Managing Self-Directed IRA Expenses for Real Estate Investments
A Self-Directed IRA is a unique and empowering way to put real estate to work for your retirement savings. You can use a Self-Directed IRA to buy a house, a vacation home, or just about any other property including commercial buildings, fix-and-flips, and raw land.
Once you purchase property, it’s extremely important that you know the rules for paying and managing the related expenses. The big ones of course are property taxes, utilities, and maintenance—but even small things like cleaning supplies must be purchased correctly to avoid potential penalties. Here’s what you need to know:
Self-Directed IRA Expenses: How Much Does a Self-Directed IRA Cost?
Before we get into real estate expenses, keep in mind that there are also a few Self-Directed IRA expenses to open and maintain your account. Self-Directed IRA fees vary from one Self-Directed IRA custodian to the next. This quick guide outlines what to consider and expect for fees. We’ve also created a helpful cost comparison calculator. At Madison Trust, we keep our fees low and straightforward so anyone can open a Self-Directed IRA without feeling weighed down.
Paying Real Estate Expenses with a Self-Directed IRA
In a Self-Directed IRA, everything goes through a designated Self-Directed IRA custodian like Madison Trust. When you first purchase a property, your custodian will be listed as the buyer and owner. The custodian will also be responsible for wiring the earnest money deposit (EMD). This effectively makes your IRA the owner of the property rather than you personally owning the property. From there, any real estate expenses are to be paid from your IRA and the transactions must be executed by your custodian.
At Madison Trust, you simply send the invoice for any real estate expense to us, along with a completed Expense Payment Request form, and we take care of the rest through your account.
Paying Real Estate Expenses with a Checkbook IRA
Many people—new and seasoned real estate investors alike—take their Self-Directed IRA a step further by getting what’s called checkbook control. This is also known as a Checkbook IRA. With a Checkbook IRA, the account holder doesn’t need to go through their custodian for transactions once the account is set up properly. They can simply write checks and send wire transfers on their own from a checking account tied to their IRA LLC or IRA Trust. Learn how a Checkbook IRA works and why it’s often the ideal option for investing in rental properties or for fixing and flipping houses.
What About Hiring a Property Management Company?
Can you hire a property management company to deal with the day-to-day maintenance at properties owned by your Self-Directed IRA? Absolutely! It can be a great way to build a rental portfolio without having to take on the extra job of physically attending to your properties, communicating with tenants and so on. If you go this route, the property manager will collect rent, pay expenses, and send any profits to your IRA custodian to deposit into your IRA.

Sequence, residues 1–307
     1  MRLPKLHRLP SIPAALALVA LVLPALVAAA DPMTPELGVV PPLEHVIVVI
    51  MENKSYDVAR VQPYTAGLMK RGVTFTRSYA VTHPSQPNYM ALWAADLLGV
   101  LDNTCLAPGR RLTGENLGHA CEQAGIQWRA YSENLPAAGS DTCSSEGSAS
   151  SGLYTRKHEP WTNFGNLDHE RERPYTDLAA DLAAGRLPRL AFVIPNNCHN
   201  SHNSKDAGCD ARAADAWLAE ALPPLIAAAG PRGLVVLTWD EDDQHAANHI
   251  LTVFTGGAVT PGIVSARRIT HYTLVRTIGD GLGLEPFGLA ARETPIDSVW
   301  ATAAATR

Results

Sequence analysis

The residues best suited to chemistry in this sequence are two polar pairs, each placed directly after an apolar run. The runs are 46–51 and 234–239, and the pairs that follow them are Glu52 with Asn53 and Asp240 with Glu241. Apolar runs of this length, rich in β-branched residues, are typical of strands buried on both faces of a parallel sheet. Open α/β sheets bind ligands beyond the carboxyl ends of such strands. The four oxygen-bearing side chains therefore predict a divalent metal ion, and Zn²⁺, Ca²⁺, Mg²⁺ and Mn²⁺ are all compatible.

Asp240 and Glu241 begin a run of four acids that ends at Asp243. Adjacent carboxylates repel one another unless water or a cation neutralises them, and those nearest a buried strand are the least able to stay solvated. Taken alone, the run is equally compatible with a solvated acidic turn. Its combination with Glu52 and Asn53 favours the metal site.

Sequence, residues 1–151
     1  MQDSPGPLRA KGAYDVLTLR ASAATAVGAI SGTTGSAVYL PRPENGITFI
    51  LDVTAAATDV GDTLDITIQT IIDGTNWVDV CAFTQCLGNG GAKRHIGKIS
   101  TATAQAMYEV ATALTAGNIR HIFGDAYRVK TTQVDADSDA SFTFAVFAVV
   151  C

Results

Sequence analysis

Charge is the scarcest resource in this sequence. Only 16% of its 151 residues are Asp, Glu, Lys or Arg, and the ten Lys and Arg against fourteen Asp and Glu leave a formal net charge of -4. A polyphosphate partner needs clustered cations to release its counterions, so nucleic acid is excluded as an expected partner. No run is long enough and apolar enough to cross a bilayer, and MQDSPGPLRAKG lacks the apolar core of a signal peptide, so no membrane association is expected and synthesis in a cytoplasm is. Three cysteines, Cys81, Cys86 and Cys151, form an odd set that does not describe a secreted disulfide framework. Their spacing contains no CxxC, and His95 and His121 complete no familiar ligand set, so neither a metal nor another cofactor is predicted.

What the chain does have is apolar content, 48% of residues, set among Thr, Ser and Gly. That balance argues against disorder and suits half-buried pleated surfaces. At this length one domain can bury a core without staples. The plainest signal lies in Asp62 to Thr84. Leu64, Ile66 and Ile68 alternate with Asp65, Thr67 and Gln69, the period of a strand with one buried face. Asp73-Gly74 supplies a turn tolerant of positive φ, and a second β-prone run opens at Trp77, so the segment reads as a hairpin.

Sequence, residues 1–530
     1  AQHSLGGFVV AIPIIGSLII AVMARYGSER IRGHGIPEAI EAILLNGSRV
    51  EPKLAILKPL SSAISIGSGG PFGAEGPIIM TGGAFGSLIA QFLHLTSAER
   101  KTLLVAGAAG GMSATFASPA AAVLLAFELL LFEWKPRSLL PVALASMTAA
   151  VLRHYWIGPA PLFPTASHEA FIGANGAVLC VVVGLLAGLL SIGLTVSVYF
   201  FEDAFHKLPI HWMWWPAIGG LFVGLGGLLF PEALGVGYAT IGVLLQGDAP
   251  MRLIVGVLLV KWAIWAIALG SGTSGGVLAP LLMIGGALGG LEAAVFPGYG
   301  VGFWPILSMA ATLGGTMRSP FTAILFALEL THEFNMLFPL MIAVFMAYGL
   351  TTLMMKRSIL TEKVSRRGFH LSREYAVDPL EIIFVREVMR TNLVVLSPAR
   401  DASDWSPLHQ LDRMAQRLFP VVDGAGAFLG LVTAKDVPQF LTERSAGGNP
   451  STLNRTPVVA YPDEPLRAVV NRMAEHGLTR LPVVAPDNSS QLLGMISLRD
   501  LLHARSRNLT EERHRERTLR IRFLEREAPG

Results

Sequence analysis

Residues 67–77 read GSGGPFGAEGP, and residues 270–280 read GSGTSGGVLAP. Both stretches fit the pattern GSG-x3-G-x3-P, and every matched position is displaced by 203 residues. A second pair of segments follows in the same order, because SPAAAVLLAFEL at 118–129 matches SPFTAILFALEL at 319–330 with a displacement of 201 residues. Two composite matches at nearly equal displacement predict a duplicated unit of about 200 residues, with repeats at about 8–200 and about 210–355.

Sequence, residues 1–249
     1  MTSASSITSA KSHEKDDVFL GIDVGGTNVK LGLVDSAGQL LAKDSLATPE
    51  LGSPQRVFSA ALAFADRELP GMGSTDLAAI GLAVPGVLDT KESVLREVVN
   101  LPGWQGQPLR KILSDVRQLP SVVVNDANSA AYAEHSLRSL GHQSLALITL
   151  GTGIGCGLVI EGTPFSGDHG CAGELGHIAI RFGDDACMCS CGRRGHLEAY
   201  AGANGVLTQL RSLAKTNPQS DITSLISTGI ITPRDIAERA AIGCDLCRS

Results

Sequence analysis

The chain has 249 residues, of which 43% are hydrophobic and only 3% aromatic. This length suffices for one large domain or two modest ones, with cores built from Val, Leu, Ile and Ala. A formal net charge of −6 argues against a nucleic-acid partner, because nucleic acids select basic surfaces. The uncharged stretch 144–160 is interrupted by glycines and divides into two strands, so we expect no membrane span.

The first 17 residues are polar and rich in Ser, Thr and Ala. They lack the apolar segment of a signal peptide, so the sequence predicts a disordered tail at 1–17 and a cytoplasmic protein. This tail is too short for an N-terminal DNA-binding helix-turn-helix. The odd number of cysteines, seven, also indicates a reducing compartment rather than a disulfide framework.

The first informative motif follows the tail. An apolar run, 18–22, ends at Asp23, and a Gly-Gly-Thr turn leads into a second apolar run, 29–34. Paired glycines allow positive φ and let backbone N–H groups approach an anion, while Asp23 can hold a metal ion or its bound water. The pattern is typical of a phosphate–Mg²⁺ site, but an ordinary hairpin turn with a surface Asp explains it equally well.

Two Things Never to Do
Whether you have a classic Self-Directed IRA or a Checkbook IRA, there are two simple rules of thumb that can help keep your account and investments in good standing with the IRS.
1. Never Pay for Real Estate Expenses with Personal Funds
At no point should you ever pay for a single expense (including a small expense) from your personal bank account. Doing so could result in a prohibited transaction.
2. Never Hire a Disqualified Person to Perform Work on Your Property
As the account holder of your Self-Directed IRA, you are the first and foremost disqualified person from transacting with investments held in your IRA—but you’re not the only disqualified person! The full list of disqualified persons in a Self-Directed IRA real estate investment includes:
- You (IRA holder)
- Your parents
For example, if your daughter owns a property management company, you shouldn’t hire her as a consultant or her company as a property manager for real estate in your Self-Directed IRA. Even something seemingly as harmless as paying a son-in-law $50 to mow the lawn on the weekend is forbidden by the IRS.
Complex Doesn’t Have to Mean Complicated
When it comes to investing in real estate with a Self-Directed IRA, there’s undoubtedly a lot to be mindful of. It’s a relatively advanced investment strategy, but don’t let that keep you from taking the leap. Madison Trust has streamlined and simplified the process so you can combine the high growth potential of real estate with the tax advantages of an IRA and the freedom of a Self-Directed IRA. Learn more and get started today!
Disclaimer: All of the information contained in our website is a general discussion for informational purposes only. Madison Trust Company does not provide legal, tax or investment advice. Nothing of the foregoing, or of any other written, electronic, or oral statement or communication by Madison Trust Company or its representatives, is intended to be, or may be relied on as, legal, tax, investment advice, statements, opinions or predictions. Prior to making any investment decisions, please consult with the appropriate legal, tax, and investment professionals for advice.